Then-GM Neil Smith (and Sather after him) eschewed internal development in favor of trying to buy a way back to a championship. "For a number of years, any big name that was available seemed to end up in New York," Maloney said.

Lindros, Messier (for a second go-round), Holik, Bure, Kasparaitis and others -- all were past their prime and almost all were overpaid. As a result, the ability to develop young players in the system was stunted. "We're still paying for it now," Maloney said. "We've got our work cut out for us."

The problem for the Rangers was they didn't get bang for their bucks, but they weren't bad enough to restock their farm team with high draft picks. Even when the team had high picks, they were often squandered (Pavel Brendl and Jamie Lundmark in 1999; Manny Malhotra in 1998; Hugh Jessiman in 2003). Of that group, only Jessiman is still a Ranger.

Of all the big names to wander into Madison Square Garden since 1994, no one has had the positive impact that Jaromir Jagr has had. Although he has the reputation of a coach-killer, the big Czech winger has done everything asked of him and more in New York. A five-time NHL scoring leader, Jagr has matured since his arrival in January 2004.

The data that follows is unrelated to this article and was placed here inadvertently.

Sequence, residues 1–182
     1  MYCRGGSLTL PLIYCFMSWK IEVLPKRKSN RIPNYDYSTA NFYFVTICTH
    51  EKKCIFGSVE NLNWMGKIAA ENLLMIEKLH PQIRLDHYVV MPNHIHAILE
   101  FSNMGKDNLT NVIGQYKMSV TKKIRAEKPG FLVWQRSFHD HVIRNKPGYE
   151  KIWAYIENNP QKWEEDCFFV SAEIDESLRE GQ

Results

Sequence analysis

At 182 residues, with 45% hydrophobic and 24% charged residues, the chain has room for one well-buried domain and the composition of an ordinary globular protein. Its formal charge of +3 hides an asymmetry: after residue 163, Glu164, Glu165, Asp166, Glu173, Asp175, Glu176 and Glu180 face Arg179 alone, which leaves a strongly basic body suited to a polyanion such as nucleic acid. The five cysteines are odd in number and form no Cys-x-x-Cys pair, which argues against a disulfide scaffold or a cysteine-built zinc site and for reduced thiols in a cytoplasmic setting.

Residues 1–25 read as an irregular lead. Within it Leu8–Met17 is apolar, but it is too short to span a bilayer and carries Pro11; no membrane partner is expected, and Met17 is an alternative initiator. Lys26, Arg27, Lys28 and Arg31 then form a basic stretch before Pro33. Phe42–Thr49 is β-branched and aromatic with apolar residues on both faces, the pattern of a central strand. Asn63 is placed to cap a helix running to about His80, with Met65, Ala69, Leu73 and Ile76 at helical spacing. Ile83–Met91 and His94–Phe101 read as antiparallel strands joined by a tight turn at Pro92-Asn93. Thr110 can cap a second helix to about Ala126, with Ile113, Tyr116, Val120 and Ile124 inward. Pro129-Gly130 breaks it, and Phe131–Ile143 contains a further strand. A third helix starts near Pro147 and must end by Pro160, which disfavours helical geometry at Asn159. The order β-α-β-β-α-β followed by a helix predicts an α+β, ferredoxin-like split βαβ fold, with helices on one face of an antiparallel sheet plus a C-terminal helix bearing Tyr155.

The move cost the Rangers the services of Anson Carter, but the Capitals, in sell-off mode, agreed to take on part of Jagr's salary, a boon especially after the post-lockout introduction of the salary cap.

At the start of the 2005-06 season, Maloney said the team had two priorities: build from within and find players who could play with Jagr. So, the Rangers brought in Czech countrymen Martin Straka and Martin Rucinsky and Swede Michael Nylander.

The strategy was a success. The big winger was positively electric, finishing with 123 points, second in league scoring behind Joe Thornton. He was also a Hart Trophy finalist. His points total was 44 points greater than second-leading scorer Nylander. More important, Jagr bought into Renney's systems. His tone and demeanor set the standard for the rest of the hardworking Rangers team that overachieved for most of the season.
Although Jagr has suffered through various injuries this season, he is once again the team's most important skater. If the Rangers do make the playoffs, it will be because of Jagr.

After years of missing with the big names, this was one the Rangers got right.